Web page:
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Theorems for Quadrilaterals


Date: 11/12/1999 at 01:04:10
From: Bethmarie
Subject: Using the SAS, ASA, SAS, & SSS methods

Dear Dr. Math,

I am currently in an honors geometry class and have a project due. I 
keep reading it over and over but I don't know how to solve it. Can 
you please help me? Here's my project:

Use the following exercises to investigate methods of proving 
congruence of quadrilaterals similar to the ASA, SAS, SSS congruence 
postulates for triangles.

1. Does the SAS method of proving congruence work for quadrilaterals? 
That is, if 2 quadrilaterals ABCD and EFGH have AB congruent to EF, 
angle ABC congruent to angle EFG, and BC congruent to FG, must the two 
quadrilaterals be congruent? If so, give a proof. If not, draw a 
diagram that shows the method does not work.

2. For each of the following possible methods of proving congruence of 
quadrilaterals, either prove that the method works, or draw a picture 
that shows it does not imply congruence. As with triangles, the parts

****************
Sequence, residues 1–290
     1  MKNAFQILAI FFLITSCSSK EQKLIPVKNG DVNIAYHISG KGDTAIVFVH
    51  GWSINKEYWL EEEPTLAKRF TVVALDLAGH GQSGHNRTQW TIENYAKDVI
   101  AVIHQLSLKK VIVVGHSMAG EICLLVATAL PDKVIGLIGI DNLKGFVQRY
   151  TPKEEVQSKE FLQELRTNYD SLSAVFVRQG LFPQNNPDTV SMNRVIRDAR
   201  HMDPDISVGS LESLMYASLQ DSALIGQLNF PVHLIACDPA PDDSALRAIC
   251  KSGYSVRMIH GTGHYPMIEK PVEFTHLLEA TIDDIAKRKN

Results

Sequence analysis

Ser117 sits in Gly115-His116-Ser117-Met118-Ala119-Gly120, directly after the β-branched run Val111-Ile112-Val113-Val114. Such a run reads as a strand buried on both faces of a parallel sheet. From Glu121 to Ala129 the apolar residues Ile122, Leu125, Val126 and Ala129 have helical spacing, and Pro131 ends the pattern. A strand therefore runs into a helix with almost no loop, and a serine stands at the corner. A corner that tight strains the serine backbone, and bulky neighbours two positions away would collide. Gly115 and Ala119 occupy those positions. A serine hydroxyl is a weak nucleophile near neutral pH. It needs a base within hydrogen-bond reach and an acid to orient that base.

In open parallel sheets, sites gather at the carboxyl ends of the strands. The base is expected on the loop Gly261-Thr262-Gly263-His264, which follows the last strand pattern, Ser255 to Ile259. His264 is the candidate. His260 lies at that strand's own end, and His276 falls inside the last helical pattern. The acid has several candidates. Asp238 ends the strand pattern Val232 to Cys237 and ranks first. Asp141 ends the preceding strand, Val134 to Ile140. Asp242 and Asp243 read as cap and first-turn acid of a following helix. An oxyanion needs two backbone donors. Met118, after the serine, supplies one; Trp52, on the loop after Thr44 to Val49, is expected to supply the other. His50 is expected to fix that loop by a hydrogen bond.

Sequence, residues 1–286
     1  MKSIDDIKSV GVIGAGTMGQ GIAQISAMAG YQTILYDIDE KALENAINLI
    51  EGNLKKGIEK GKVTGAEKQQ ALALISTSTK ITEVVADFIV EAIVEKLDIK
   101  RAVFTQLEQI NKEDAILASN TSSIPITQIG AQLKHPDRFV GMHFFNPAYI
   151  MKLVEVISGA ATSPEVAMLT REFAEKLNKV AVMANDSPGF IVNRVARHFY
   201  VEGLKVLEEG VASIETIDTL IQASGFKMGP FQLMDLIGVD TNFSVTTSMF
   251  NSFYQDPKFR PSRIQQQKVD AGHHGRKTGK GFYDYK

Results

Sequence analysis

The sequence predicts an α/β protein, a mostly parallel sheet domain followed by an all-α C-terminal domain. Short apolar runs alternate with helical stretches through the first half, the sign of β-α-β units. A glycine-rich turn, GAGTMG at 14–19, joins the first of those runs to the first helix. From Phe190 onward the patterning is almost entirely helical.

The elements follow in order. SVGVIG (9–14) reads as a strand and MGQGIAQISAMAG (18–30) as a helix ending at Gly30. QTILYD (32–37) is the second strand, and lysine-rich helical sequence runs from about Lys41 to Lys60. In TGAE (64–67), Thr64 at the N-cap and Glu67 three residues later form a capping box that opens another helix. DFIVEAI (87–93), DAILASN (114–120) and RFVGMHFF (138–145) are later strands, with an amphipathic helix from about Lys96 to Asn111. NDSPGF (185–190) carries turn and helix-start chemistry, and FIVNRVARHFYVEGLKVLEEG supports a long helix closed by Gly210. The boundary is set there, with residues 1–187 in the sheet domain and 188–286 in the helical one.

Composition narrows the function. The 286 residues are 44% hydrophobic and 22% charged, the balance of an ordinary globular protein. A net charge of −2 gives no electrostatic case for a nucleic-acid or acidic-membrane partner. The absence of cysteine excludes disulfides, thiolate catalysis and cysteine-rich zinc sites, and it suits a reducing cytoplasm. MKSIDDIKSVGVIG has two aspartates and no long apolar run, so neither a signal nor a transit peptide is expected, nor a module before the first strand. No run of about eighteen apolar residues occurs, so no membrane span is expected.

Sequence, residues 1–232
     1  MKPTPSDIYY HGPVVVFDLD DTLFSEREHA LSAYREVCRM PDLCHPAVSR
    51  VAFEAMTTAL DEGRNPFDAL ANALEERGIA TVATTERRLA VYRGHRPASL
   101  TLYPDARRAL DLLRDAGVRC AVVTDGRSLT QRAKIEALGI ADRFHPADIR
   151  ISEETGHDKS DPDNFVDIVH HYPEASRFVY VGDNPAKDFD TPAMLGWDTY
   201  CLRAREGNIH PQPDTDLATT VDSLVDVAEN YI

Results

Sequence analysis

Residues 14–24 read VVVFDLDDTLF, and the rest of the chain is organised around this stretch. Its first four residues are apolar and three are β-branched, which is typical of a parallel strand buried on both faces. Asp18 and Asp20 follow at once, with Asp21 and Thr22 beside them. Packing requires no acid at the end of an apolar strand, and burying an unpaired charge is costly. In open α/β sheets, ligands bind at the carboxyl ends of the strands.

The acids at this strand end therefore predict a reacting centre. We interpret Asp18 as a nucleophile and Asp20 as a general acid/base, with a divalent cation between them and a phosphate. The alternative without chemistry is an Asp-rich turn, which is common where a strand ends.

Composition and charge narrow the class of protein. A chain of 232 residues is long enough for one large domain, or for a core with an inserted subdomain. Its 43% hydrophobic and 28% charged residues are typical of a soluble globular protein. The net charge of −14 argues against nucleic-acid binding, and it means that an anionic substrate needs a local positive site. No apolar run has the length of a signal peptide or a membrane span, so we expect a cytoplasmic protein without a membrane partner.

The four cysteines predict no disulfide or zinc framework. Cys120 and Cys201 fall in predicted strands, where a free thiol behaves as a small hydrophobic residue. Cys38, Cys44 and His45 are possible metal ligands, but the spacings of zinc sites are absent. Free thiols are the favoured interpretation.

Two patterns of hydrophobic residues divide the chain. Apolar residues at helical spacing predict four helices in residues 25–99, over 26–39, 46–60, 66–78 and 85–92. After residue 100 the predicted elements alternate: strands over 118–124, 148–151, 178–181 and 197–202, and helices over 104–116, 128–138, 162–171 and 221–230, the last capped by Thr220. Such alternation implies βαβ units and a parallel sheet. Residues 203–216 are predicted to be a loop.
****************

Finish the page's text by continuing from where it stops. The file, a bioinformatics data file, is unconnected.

represented by the letters in each abbreviation are consecutive as you 
move in one direction around the quadrilateral.

     A) SASA     B) SASAS     C) SSSS     D) SASSS

3. Find at least two more methods of proving congruence of 
quadrilaterals. Prove that your methods work.

Can you give me some ideas on how to prove these congruencies?

Thank you.
-Bethmarie


Date: 11/12/1999 at 13:02:08
From: Doctor Peterson
Subject: Re: Using the SAS, ASA, SAS, & SSS methods

Hi, Bethmarie.

>Use the following exercises to investigate methods of proving 
>congruence of quadrilaterals similar to the ASA, SAS, SSS congruence 
>postulates for triangles.

This sounds like an interesting exercise, but it does take some work, 
some imagination, and a familiarity with congruence. Let me start by 
reviewing triangle congruence informally, so you can see what lies 
behind it:

The three congruence theorems (or postulates, in your text's approach) 
are three ways of choosing three corresponding parts of a triangle, 
which are sufficient to construct the triangle. Here they are:

         +                +                +